How to Overcome Mum- Stress. Part 2

I’m cooking fajitas, the five year old is abusing me with names like, ‘You fatty idiot’, because he doesn’t like fajitas, the phone rings,’Hello, is that Mrs Chapman? This is Children’s Social Services?’, and into the kitchen walks my two year old, pooey bare bum and a trail of toilet roll stretching from the bathroom to me. (I wish this was all for dramatic effect. It’s actually all true).

The kids are back to school and I’ve actually had quite a stressful week. Which has prompted me to write this post, the second part of my managing mum stress, you can read the first part here.

    Focus on the cause of your stress.

My brain on a good day
  • This point is fairly obvious, but it’s amazing how all of us often neglect to do it. When we are feeling stressed it’s helpful if we try to be objective, and look at our situation from the outside. Is there something that is causing the stress that actually we may be able to fix? Can we address the cause of the stress? For example do we constantly feel like we’re rushing with very little time? If this is the case perhaps we can organise our time better and re-evaluate our commitments. If the cause of our stress is something more complex or more severe perhaps we can think about who and where we need to access some support. For example if we have a child who may be exhibiting some really challenging behaviours is this something we could discuss with healthcare professional such as a visitor?. Problems and stress often get worse when we try to deal with them on our own and sometimes we just need reminding that there are actually ways of accessing help.
    • Be realistic about what you can achieve.
    Me on a daily basis
  • This is not to say don’t be ambitious or don’t aim high, I mean on a more mundane level. None of us are superhuman. Back in the days when I had like, say, a mere three kids, I would still try and achieve what would’ve been difficult with just one child. For example, having a perfectly tidy house, cooking complicated meals, having the time and energy to drive the kids to numerous after-school clubs and holding down a very demanding job. It’s simply not possible. Think about what’s important and make these priorities. This point is especially important for women who have had very successful careers and enter into motherhood. They sometimes set themselves unrealistic goals and eventually end up getting stressed or maybe even worse anxious and depressed because they can’t achieve what they think they should be. Being a mother is like no other job.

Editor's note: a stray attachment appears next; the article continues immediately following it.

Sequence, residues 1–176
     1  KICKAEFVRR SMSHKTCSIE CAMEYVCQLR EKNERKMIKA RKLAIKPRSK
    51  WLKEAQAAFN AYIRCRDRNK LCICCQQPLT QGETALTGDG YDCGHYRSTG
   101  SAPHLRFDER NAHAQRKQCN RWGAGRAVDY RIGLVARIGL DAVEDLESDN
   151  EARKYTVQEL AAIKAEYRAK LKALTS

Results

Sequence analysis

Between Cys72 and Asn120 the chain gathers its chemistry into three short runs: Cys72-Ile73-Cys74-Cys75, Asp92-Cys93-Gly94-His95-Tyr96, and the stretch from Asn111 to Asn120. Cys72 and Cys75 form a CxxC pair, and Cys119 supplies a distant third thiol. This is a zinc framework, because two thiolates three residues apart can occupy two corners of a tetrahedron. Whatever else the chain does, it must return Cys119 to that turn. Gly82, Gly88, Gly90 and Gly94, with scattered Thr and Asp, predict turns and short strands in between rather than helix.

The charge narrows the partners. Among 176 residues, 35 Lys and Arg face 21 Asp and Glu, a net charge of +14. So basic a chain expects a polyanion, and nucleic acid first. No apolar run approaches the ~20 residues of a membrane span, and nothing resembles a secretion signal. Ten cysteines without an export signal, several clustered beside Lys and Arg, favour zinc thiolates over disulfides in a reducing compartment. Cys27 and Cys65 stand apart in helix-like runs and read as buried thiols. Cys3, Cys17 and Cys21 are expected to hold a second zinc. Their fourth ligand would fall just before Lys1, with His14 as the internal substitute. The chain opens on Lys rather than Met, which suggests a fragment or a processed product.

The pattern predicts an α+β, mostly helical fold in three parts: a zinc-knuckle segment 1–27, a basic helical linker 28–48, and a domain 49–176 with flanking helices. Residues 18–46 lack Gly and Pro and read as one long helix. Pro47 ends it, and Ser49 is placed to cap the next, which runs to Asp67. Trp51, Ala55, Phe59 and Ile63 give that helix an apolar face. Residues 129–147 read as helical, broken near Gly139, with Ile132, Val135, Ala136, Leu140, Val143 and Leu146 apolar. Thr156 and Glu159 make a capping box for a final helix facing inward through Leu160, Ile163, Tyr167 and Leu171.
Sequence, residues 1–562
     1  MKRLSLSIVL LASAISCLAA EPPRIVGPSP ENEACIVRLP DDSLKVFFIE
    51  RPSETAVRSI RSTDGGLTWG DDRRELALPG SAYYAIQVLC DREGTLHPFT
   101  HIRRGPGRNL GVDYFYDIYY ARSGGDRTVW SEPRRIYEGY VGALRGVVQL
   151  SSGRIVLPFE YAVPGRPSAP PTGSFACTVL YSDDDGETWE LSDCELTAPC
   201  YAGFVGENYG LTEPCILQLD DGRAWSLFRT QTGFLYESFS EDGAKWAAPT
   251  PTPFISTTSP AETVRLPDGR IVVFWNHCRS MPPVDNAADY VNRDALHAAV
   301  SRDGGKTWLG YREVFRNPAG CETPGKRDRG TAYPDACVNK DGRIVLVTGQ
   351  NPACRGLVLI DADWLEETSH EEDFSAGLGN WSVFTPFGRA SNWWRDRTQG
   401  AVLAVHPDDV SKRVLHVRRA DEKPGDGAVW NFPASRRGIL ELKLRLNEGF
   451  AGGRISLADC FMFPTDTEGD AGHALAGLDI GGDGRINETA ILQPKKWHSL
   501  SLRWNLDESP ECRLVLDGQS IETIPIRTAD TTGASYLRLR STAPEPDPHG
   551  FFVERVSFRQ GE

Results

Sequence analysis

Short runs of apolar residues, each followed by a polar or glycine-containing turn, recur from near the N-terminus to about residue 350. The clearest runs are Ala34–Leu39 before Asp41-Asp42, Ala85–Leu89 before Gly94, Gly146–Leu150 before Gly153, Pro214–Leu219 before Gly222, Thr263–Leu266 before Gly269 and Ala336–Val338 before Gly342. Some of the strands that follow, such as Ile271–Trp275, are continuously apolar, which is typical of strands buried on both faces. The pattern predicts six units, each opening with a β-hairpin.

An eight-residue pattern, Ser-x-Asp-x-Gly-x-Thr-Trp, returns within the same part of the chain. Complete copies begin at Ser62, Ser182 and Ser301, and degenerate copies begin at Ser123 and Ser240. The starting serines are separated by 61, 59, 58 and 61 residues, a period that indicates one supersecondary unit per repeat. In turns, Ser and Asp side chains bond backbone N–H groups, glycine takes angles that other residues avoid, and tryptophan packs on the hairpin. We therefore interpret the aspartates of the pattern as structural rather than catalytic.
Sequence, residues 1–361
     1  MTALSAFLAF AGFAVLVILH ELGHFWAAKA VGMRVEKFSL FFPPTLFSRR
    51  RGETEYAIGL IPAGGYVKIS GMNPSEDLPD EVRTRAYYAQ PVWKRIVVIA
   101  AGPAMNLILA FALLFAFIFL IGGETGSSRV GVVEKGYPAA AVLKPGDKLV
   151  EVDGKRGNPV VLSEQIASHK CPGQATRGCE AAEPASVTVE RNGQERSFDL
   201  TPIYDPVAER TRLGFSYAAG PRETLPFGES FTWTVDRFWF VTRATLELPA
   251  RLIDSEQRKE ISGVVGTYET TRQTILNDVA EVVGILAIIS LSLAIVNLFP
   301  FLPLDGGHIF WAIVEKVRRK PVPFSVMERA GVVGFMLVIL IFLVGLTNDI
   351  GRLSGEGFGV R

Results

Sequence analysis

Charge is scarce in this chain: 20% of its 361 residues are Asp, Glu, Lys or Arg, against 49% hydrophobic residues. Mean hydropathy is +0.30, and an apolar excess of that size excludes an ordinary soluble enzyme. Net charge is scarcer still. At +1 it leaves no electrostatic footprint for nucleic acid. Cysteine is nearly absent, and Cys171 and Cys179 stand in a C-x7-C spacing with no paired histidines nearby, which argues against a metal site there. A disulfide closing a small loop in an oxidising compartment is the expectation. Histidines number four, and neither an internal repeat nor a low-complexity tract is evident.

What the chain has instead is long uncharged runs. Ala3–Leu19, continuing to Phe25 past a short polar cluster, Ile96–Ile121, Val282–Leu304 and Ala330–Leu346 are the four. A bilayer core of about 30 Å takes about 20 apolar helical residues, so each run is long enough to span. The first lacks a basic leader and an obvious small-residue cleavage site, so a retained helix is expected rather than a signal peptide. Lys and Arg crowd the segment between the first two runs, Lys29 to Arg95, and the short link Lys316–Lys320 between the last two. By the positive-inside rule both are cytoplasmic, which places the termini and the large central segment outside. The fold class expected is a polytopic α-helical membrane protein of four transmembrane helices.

• Be mindful of your social media.

  • This is so, so important. This is not going to be a social media bashing post at all. There are so many positives from the likes of Instagram, Pinterest but it’s still relatively new and I don’t think we have really got a grasp on how this technology is affecting our brains.
  • Firstly, think about whether the amount of time you’re spending on social media is actually causing you stress. Instagram, Twitter etc are incredibly distracting and if your brain is constantly going from trying to respond to someone’s tweet or posting a picture on Instagram back and forth to your children asking for the millionth snack, your husband moaning about something, the oven beeping, the dog barking, the baby crying…..(my average evening ha, ha), it’s no wonder you’re going to be feel a little bit stressed. I try and do simple things such as leaving my phone in another room, switching it off or using an app, (yes I know it’s ironic using an app to monitor your phone usage but it helps), to ensure that I’m not letting my phone distract me too much.
  • Secondly, and so importantly just remember when you are reading other peoples Facebook statuses or looking at their Instagram pictures they are presenting to you, most of the time, very filtered version of their lives-the version that they want you to see.
  • Social media sites make more than half of users feel inadequate, according to a survey of 1,500 people by disability charity Scope, and half of 18- to 34-year-olds say it makes them feel unattractive.

    (BBC)

  • I think as mums and probably dads and pretty much everyone, we can become very stressed if we’re constantly comparing ourselves to other people on social media and can start to feel quite inferior. We need to keep reminding ourselves that what we are seeing is not really real. Lots of people will only present certain sides of themselves and often can make their lives appear perfect. There’s nothing wrong with that but we just need to remember it when we are scrolling through.
  • Oh, and by the way if you are wondering, social services do not, that I’m aware of, have concerns about my parenting. We actually privately foster children sometimes which is what the call was about. Didn’t take away from stress of the situation though!
  • I hope this post was helpful in some way. Please feel free to comment below. How do you manage your stress? What have you found helpful? I would love it if you would like, share, and follow my blog.
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